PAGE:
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jury. That sum was found due by way of damages ; and the Court, if it has jurisdiction at all, must begin the inquiry as if the matter were fresh, must satisfy itself in the usual way, and cannot assume that the compensation awarded before was the just measure of the injury sustained.



But is it necessary to decide, in this stage of the proceeding, whether or not the relief sought is within the province of this Court? If it be not, cadit quæstio. But, though it be, has the party a right to the writ he has obtained ? I hold that, where the equity is clear, though the facts may be in dispute, the allegation of the debt on oath, or the swearing to belief of a balance due, may entitle the party to a writ, in order that he may hold the debtor to bail; but that, where the equity is matter of grave doubt, however specific his allegation of debt may be, he shall not, generally speaking, have his writ; at least, I am not aware of a ne exeat having been issued under any such serious doubts of the equitable jurisdiction. Do y



But there is here a consideration which disposes of the case at once. It is not denied that the party has his remedy at law. The verdict obtained is gone gone, it may be, by the laches of the Plaintiff in the suit, or it may be by the alleged contrivance of the Defendant's attorney; although, it may be observed, in passing, that no such contrivance could have eluded the justice of the Court of King's Bench for six hours, had the Plaintiff used due diligence. However, be the fault where it may, the verdict is gone, and the Plaintiff's executors cannot use it. They may, therefore, bring an action again; and whether they can hold the Defendant to bail or not, is immaterial, though it is not said why they cannot. If he has already been arrested, that





of itself is a conclusive answer to the application for a ne exeat ; if not, no reason is given why he may not be arrested now in a new suit. But the writ is strictly confined to cases where the party has no remedy at law, unless in the excepted cases of a decree obtained for alimony, and of a balance sworn to upon an account. All the authorities are against stretching this exception. In Raynes v. Wyse (a), Lord Eldon plainly considered that he could not grant the writ on allegation of a sum due on an agreement, the performance of which was resisted, althougn he decided upon another point, — the previous holding to bail at law. In Ex parte Duncombe (6), the demand being legal, though there was an obstacle in the way of suing at law, the writ was refused. So it was in Gardner's case (c), where the demand was legal; but the party could not be held to bail. In Blaydes v. Calvert (d), where the suit was for performance of an agreement to give security for a third person's debt by way of acceptance for a given sum, Lord Eldon after full consideration refused the writ. There, as here, it was suggested, that the party could not be held to bail at law; but Lord Eldon said that was no matter for his consideration. It is needless to go through the other cases, which are more familiar; but two valuable notes of Lord Eldon's remarks on the subject, - one in Pares's case, in 1801, communicated by Mr. Bell, the other in Butler v. Dorant, in 1809, communicated by Mr. Cooke, - are to be found in the last edition of Mr. Beames's treatise (e); and they shew the clear opinion of that most learned Judge to be against issuing the writ in circumstances much more favourable, and much more akin to the ordinary case, than those alleged upon the present occasion.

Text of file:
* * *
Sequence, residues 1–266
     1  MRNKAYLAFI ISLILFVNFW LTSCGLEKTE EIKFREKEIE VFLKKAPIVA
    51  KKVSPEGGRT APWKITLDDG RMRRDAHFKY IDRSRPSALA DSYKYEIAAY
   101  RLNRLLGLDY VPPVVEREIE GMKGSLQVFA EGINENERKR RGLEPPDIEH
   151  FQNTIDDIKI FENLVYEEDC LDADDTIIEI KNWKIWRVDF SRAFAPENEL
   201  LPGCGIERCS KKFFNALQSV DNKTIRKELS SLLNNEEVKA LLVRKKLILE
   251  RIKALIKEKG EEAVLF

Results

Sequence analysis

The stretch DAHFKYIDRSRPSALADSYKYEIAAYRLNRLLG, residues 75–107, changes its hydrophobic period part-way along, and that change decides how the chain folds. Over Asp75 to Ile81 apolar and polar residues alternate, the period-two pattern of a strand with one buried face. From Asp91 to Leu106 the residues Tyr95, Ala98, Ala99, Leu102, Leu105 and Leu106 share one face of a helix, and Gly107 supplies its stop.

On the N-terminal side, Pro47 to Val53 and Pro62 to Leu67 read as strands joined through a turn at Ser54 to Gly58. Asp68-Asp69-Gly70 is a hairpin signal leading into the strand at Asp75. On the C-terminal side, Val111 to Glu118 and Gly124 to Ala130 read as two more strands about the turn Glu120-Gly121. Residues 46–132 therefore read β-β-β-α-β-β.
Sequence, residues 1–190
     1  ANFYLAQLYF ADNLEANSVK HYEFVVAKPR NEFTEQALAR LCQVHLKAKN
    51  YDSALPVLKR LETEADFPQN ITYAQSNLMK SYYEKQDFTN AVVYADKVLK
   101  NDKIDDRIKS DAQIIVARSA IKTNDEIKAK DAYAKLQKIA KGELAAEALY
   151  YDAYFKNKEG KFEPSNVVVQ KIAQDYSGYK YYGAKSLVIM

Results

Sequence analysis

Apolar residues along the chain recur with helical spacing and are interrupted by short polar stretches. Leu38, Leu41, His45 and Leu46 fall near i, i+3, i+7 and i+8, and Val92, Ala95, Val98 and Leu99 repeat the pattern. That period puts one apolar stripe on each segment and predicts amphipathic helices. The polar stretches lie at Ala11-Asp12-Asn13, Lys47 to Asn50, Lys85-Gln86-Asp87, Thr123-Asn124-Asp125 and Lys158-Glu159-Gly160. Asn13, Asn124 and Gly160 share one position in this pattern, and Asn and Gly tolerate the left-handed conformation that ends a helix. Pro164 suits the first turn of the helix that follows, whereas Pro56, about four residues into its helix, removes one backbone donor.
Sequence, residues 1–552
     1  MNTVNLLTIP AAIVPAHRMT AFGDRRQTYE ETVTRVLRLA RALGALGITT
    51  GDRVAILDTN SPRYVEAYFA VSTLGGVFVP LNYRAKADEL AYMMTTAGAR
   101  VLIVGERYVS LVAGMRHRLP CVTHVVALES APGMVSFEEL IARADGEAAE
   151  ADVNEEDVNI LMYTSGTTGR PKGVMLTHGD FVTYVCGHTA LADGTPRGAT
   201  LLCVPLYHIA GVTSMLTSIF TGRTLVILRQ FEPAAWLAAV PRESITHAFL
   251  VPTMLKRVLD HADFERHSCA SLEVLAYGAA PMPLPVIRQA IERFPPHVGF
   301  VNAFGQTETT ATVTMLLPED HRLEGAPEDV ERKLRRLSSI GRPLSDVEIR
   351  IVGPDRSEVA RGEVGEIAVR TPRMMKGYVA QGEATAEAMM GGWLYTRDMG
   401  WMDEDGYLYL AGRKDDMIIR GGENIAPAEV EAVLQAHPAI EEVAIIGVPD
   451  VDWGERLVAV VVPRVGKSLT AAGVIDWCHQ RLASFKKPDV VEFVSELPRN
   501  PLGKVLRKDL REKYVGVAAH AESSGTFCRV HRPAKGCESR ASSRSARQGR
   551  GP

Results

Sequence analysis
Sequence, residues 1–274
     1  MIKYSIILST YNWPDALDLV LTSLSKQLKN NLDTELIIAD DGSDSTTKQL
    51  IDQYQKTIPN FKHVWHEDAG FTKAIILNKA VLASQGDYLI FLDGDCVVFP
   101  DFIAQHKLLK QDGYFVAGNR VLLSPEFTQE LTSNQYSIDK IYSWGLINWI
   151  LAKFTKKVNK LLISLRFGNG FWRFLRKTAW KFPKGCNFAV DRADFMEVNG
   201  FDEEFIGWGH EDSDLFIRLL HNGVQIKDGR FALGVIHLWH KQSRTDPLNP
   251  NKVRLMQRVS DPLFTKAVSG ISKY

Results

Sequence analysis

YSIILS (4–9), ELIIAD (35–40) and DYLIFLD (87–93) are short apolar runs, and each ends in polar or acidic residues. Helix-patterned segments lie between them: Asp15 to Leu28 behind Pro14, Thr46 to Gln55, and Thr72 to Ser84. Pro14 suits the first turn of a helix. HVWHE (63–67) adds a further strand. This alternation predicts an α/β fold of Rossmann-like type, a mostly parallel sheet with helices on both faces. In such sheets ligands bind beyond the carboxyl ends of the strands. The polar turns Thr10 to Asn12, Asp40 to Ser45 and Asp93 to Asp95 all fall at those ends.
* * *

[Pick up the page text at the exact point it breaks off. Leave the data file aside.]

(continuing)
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The order must, therefore, be discharged. But, considering the length of time that the Defendant has delayed making this application, and the great hardship of the plaintiffs' case, who must needs lose their costs at law of the second action, I shall direct the costs of the motion to be costs in the cause.




Nov. 19, 20.25.

THE will of William Mitchell contained, among Bequest to a

others, the following bequest:-"I give and bequeath to my nieces Catherine and Mary, the sisters should attain

v twenty-one, to of the said David and John Home, the sum of 20001. sterling each, when and if they should attain their ages separate use;.

and in case of of twenty-one years, and which said legacies to my said her death, two nieces I give to them for their and each of their leaving chil